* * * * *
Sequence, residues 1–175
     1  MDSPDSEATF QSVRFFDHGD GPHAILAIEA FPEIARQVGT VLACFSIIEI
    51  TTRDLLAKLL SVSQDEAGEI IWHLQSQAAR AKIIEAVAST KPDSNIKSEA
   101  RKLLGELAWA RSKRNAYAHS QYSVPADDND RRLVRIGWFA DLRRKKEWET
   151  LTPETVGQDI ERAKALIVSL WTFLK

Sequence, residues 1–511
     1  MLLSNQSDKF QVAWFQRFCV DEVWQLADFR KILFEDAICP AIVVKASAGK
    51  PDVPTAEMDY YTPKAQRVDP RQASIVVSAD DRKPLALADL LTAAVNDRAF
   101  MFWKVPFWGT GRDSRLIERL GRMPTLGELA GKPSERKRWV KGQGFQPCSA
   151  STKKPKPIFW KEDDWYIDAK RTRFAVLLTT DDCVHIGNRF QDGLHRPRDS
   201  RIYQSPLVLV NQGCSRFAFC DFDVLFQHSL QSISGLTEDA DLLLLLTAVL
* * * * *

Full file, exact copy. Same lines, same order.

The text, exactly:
Sequence, residues 1–175
     1  MDSPDSEATF QSVRFFDHGD GPHAILAIEA FPEIARQVGT VLACFSIIEI
    51  TTRDLLAKLL SVSQDEAGEI IWHLQSQAAR AKIIEAVAST KPDSNIKSEA
   101  RKLLGELAWA RSKRNAYAHS QYSVPADDND RRLVRIGWFA DLRRKKEWET
   151  LTPETVGQDI ERAKALIVSL WTFLK

Sequence, residues 1–511
     1  MLLSNQSDKF QVAWFQRFCV DEVWQLADFR KILFEDAICP AIVVKASAGK
    51  PDVPTAEMDY YTPKAQRVDP RQASIVVSAD DRKPLALADL LTAAVNDRAF
   101  MFWKVPFWGT GRDSRLIERL GRMPTLGELA GKPSERKRWV KGQGFQPCSA
   151  STKKPKPIFW KEDDWYIDAK RTRFAVLLTT DDCVHIGNRF QDGLHRPRDS
   201  RIYQSPLVLV NQGCSRFAFC DFDVLFQHSL QSISGLTEDA DLLLLLTAVL